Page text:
- Designed specifically for pediatric cancers by pediatric geneticists, oncologists and pathologists
- Developed and validated in a CAP/CLIA environment
- Utilizes 10x less sample material than other next-generation sequencing cancer assays; critical for pediatric patients with smaller tumors
- Incorporates both DNA and RNA to obtain a more detailed picture of a patient’s tumor profile
- Backed by pediatric specialists ready to discuss clinical cases or field any technical or scientific questions
Retinoblastoma (Rb) is a malignant tumor of the retina that typically occurs in children before the age of 5 years. A genetic predisposition to Rb is associated with a point mutation, a small insertion or deletion, or a structural alteration (most often leading to a deletion of one or more exons) of the RB1 gene in chromosome band 13q14. The mutation or deletion may be inherited from a parent or occur de novo. Germline carriers of the mutation have a 50% risk of transmitting the mutation to their children, which would predispose them to develop retinoblastoma. The RB1 Molecular Genetic Analysis is performed via Multiplex Ligation-Dependent Probe Amplification (MLPA), Sanger sequencing and next-generation sequencing.
Rhabdoid tumors are particularly aggressive pediatric malignancies that primarily develop in infancy and early childhood. They are referred to as atypical teratoid/ rhabdoid tumors (AT/RT) when they arise in the central nervous system and malignant rhabdoid tumor (MRT) when they are found in renal or extra-renal sites. The vast majority of tumors (both AT/RT and MRT) are characterized by loss of function of the SMARCB1/INI1/SNF5/BAF47 gene in chromosome band 22q11.2. SMARCB1 is an invariant member of the SWI/SNF chromatin-remodeling complex of proteins and thus functions in controlling gene transcription. Deletions, duplications and mutations in the SMARCB1 locus have been demonstrated in more than 95% of rhabdoid tumors. Approximately 25% of patients have a germline alteration in the SMARCB1 gene that predisposed them to the development of the tumor(s). In rare cases, mutations may be inherited from an unaffected parent.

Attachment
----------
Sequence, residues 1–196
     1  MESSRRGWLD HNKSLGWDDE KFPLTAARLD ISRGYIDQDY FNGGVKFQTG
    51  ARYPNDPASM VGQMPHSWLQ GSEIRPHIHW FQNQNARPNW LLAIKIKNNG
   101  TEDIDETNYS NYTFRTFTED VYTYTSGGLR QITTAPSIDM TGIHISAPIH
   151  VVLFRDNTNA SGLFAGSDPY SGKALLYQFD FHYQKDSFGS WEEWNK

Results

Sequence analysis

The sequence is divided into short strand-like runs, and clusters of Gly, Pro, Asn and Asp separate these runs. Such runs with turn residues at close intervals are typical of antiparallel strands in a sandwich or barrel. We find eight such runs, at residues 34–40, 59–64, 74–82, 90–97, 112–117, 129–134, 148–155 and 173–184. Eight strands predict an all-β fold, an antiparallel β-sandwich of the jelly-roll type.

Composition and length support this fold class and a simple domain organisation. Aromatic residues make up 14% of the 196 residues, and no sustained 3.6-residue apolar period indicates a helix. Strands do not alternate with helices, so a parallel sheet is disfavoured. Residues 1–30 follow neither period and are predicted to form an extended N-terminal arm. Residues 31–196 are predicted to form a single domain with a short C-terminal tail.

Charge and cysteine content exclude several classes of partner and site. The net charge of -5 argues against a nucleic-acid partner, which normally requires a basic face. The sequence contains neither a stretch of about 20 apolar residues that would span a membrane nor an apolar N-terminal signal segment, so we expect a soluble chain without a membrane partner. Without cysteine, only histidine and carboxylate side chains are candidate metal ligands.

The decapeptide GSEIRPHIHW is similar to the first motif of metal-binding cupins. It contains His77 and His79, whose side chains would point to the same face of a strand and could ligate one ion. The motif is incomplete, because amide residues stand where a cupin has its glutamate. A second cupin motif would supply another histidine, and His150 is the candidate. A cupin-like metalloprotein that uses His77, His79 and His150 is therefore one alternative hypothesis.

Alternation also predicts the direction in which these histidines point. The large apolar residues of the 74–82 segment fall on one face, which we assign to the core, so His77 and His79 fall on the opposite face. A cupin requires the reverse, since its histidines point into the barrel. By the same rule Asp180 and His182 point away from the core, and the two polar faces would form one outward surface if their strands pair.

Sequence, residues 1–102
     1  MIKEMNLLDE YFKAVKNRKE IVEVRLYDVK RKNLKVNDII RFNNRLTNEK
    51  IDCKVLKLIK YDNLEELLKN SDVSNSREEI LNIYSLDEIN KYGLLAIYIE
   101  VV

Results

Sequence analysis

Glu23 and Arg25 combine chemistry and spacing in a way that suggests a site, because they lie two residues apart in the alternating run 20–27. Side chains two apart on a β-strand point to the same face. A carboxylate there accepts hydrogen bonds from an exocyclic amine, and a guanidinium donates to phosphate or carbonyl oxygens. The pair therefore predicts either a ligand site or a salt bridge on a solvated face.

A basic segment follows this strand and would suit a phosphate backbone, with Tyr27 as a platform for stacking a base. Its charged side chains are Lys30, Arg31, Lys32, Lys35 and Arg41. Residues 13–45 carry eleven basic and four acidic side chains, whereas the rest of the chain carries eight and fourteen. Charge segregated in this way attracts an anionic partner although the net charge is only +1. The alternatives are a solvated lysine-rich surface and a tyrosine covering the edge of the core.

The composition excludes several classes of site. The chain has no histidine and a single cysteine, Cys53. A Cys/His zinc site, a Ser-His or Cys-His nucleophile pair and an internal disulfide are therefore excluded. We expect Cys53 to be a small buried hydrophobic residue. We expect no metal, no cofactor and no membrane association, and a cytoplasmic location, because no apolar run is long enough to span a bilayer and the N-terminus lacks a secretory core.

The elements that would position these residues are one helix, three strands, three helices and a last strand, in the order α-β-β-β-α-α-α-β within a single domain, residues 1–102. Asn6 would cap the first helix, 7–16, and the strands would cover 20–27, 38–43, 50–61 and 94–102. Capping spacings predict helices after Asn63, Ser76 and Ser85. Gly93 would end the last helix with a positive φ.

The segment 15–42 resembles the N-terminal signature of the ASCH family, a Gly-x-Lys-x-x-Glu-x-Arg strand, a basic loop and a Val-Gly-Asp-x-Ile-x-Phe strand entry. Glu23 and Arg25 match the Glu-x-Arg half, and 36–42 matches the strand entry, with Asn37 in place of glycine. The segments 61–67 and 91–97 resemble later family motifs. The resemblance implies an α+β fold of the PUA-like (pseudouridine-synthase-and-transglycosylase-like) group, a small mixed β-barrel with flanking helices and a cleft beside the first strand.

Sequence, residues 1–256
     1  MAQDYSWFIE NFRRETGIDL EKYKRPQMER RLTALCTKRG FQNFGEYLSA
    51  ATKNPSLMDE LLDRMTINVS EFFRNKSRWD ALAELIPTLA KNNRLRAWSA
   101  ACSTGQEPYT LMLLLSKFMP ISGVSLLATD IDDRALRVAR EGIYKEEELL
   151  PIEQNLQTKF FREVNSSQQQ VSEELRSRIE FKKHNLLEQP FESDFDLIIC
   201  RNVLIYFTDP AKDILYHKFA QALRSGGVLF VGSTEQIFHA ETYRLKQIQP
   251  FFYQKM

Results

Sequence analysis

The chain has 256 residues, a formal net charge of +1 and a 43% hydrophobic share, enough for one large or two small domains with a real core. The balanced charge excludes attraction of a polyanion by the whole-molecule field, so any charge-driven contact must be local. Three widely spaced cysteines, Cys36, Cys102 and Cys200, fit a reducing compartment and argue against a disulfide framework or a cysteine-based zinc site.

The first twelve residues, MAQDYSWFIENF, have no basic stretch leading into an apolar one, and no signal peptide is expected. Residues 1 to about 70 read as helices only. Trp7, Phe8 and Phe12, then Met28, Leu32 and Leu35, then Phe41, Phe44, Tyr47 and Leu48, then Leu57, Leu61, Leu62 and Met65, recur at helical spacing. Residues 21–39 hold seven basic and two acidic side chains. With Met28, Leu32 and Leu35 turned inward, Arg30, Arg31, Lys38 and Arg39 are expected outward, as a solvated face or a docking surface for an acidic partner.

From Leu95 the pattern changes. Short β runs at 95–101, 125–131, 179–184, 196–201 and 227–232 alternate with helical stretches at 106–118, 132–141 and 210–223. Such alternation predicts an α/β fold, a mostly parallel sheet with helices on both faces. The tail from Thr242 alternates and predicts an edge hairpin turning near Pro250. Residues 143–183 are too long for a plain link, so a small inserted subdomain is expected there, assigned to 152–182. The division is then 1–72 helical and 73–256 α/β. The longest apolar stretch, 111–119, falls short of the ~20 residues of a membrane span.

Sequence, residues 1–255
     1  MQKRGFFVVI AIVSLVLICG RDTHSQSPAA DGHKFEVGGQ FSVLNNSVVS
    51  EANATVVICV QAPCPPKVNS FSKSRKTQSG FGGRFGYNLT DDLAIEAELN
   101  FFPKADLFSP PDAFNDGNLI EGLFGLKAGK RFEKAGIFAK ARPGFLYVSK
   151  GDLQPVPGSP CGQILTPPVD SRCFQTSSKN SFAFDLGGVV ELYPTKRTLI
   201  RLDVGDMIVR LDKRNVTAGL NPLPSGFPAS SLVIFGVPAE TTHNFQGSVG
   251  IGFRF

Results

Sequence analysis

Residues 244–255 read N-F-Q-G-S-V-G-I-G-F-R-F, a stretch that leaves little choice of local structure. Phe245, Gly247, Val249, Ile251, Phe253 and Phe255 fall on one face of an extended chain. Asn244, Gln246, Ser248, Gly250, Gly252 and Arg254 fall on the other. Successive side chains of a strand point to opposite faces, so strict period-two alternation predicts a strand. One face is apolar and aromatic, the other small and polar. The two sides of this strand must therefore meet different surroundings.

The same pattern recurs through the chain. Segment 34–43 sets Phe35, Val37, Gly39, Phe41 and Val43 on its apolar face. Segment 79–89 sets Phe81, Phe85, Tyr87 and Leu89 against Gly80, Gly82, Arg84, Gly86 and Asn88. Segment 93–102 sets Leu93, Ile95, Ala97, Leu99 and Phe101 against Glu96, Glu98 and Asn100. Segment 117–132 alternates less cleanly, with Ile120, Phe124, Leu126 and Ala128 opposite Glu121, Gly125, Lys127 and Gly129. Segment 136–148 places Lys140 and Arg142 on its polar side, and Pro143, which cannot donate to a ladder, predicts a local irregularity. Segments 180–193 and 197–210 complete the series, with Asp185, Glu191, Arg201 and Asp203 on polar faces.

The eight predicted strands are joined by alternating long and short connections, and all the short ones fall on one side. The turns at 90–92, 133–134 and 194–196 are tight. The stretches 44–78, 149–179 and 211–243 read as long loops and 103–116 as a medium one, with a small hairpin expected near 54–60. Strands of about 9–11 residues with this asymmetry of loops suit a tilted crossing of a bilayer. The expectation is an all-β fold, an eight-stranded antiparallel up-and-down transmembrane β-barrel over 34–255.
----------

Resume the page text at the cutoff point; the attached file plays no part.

Germline mutations in SMARCB1 are also seen in association with schwannomatosis, in which affected individuals develop multiple, benign nerve sheath tumors (schwannomas). In some families, a parent may have one or more schwannomas, and their offspring develop a rhabdoid tumor. SMARCB1 mutations may also been seen in patients with Coffin-Siris or Nicolaides Barristser syndrome, or in patients with isolated developmental delay.
The molecular genetic analysis of SMARCB1 consists of a Multiplex Ligation-Dependent Probe Amplification (MLPA) assay to detect deletions or duplications of one or more of the nine coding exons of the gene and Sanger sequencing to identify sequence alterations. Depending on the indication for testing, the MLPA assay is typically performed first on frozen tissue, followed by an analysis of a peripheral blood specimen of the affected individual. Parental testing is indicated if a child has been found to have a germline mutation or copy number alteration of the locus.